The Walking Dead creator Robert Kirkman has always said he didn’t want to deal with the anti-virus or any sort of immunity in his comic. However, there is a movie out now called The Cured, which takes a deep dive into a zombie virus cure.
In The Cured, “A disease that turns people into zombies has been cured. The once-infected zombies are discriminated against by society and their own families, which causes social issues to arise. This leads to militant government interference.”
While writing the screenplay, David Freyne noticed how the European Recession was taking place and lots of people were being blamed for things outside of their control. This led to a fresh idea to turn the zombie universe upside down.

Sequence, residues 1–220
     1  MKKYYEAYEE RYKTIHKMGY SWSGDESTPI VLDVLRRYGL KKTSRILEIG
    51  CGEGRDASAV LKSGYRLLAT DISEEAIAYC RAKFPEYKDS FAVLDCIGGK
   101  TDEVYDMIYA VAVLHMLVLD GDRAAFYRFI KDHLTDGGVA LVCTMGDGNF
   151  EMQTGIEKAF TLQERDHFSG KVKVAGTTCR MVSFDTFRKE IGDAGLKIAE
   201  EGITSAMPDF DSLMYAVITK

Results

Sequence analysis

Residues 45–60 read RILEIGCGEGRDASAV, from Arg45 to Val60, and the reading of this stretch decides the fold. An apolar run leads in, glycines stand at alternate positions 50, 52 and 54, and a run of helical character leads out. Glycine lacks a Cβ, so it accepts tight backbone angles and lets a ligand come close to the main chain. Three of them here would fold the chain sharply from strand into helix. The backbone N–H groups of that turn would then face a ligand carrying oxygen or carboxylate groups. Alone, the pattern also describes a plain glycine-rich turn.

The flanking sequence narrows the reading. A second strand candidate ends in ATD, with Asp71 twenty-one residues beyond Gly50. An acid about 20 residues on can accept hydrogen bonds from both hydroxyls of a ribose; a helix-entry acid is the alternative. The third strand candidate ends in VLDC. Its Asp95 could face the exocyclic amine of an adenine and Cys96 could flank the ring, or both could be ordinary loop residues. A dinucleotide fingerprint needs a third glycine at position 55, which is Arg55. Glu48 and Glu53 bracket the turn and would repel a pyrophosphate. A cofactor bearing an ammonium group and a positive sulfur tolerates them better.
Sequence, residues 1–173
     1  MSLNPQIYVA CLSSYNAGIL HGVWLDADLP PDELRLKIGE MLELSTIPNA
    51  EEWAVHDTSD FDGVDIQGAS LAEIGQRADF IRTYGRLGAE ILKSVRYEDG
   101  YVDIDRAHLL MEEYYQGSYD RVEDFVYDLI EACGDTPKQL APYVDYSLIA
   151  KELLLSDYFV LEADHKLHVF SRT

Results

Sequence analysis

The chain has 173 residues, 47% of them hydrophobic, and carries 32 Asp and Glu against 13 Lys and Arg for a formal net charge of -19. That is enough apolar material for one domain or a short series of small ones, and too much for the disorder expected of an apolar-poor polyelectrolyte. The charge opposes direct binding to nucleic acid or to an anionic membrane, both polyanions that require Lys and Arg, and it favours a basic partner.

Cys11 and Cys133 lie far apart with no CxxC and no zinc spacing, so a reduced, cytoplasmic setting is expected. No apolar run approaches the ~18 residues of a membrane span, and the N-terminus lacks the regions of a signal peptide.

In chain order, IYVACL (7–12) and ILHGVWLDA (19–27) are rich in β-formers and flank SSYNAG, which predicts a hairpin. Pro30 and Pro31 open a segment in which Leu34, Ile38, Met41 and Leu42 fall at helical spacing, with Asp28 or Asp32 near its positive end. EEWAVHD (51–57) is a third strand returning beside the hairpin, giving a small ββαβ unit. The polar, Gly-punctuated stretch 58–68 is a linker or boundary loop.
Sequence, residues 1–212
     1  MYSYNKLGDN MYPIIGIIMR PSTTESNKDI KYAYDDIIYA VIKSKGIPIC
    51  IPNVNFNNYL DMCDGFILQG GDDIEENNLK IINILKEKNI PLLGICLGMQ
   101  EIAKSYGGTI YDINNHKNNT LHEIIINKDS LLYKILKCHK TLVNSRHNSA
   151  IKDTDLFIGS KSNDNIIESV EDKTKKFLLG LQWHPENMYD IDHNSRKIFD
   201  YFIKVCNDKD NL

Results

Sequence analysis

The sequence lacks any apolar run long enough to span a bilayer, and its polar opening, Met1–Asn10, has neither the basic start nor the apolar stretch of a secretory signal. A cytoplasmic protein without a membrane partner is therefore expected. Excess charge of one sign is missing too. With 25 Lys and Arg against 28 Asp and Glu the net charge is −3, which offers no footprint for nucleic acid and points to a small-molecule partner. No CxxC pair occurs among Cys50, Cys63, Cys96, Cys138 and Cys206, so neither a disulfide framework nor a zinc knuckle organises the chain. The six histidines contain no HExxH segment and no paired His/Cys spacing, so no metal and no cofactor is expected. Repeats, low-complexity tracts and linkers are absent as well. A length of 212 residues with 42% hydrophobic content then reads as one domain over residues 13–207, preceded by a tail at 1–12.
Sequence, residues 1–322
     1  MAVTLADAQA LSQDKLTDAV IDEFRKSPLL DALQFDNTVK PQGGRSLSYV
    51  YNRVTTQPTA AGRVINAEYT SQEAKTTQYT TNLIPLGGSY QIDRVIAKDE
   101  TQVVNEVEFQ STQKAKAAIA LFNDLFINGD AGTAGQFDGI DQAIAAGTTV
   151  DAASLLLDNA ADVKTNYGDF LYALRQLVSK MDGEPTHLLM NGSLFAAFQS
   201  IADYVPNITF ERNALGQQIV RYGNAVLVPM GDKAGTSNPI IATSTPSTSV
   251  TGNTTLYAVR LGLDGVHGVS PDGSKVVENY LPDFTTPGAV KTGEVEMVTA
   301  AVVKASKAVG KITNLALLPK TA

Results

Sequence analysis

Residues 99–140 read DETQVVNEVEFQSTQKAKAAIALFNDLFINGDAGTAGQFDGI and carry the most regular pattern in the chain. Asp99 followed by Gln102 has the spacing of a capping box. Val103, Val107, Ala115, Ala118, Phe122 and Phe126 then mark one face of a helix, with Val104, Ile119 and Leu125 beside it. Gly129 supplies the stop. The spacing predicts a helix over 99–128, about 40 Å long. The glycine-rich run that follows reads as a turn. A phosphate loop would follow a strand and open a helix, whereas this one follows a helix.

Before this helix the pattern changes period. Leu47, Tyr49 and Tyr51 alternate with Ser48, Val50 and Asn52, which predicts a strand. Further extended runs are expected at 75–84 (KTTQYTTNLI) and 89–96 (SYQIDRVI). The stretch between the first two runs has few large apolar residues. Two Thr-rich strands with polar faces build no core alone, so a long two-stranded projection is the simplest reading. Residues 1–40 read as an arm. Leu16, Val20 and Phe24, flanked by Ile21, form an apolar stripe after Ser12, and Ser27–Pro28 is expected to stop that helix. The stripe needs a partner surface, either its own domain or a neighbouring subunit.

But the cure didn’t take away the memories, which meant The Cured had to live with the aftermath of their involuntary actions.
It All Started With Terminator 2 For David Freyne
“When I was 11, I saw a VHS of Terminator 2 and it was magic. Then, a year later, I saw Three Colors: Red. I wanted to know how you could combine these two. I just devoured VHS tapes during my teenage years,” said David Freyne in an exclusive interview with “Creative Principles Podcast.”
“It’s a question of who is responsible,” said Freyne about the bank bailouts. There started to be protests and the rise of populist’s politicians. These people were “exploiting the fear and the anger around them.”
The writer-director took the headlines and mixed them with some of the ideas from the great George Romero, who also inspired Robert Kirkman’s The Walking Dead. He also used cinematic references from Children of Men and Animal Kingdom.